Malaysia’s finance minister said that the government will not raise taxes unnecessarily even as the trade war between two of its largest trading partners hampers the country’s goal of achieving a balanced budget, reported Bloomberg.
Lim Guan Eng, the Malaysian Finance Minister said that the government will spend within its means and will not add taxes just to fund certain infrastructure projects.
However, the Malaysian government plans to raise funds through a samurai bond issuance early next year as well as continue its pursuit of assets lost in the 1MDB state investment fund scandal.
The government remains committed to reducing the fiscal deficit in the medium term and could reach a balanced budget in five years if trade tensions between the US and China are resolved, said Lim.
The finance minister announced larger development spending for next year and offered a slew of incentives to win over investors amid the trade war, which he described as a unique opportunity for Malaysia to attract investment.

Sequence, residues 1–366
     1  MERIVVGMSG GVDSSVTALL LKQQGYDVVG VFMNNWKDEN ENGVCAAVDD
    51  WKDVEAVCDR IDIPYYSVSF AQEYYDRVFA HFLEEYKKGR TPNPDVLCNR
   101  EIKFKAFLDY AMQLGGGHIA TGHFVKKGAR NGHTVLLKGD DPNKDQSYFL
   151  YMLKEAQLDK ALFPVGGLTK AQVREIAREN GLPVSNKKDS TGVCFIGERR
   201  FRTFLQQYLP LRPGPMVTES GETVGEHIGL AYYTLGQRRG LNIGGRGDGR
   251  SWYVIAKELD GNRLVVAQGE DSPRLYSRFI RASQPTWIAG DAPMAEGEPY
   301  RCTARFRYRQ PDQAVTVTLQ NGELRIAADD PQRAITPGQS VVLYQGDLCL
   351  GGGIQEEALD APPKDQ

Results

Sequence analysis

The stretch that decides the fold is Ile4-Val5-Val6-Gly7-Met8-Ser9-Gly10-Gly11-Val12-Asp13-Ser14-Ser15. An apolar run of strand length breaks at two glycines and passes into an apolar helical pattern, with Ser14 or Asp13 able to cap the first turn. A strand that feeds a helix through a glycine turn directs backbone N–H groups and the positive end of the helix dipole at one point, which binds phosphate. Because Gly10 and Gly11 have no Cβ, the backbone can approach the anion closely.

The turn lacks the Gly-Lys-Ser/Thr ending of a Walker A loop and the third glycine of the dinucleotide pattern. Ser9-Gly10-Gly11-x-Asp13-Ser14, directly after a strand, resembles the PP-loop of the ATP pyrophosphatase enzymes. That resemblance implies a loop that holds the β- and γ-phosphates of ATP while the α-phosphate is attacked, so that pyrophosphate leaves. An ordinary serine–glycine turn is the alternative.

Malaysia expects foreign direct investment from China to reach levels of investment from the US and Europe in coming years.
Soon after Prime Minister Mahathir Mohamad returned to power last year, Malaysia halted or cancelled major projects and slashed spending to rein in debt. That tone has changed since Lim said in February 2019 that he was nearly done cleaning house.
The government raised next year’s transport allocation by 8.8 per cent to fund a Kuala Lumpur mass rapid transit project and the Pan-Borneo Highway while allocating MYR 10 billion ($2.4 billion) to help Malaysians buy homes.
Malaysia will raise funds by selling yen-denominated bonds in the first quarter of next year, with the size to be determined after talks with Japan, Lim said. The government raised JPY 200 billion ($1.85 billion) this year at a coupon of 0.53 per cent, lower than the 0.65 per cent he indicated before the sale.
Additionally, Mahathir has made it a mission to bring back money believed to be lost through 1MDB. Lim reiterated that he wants Goldman Sachs Group to make reparation payments amounting to $7.5 billion for the bank’s role in arranging bond sales for the troubled state fund.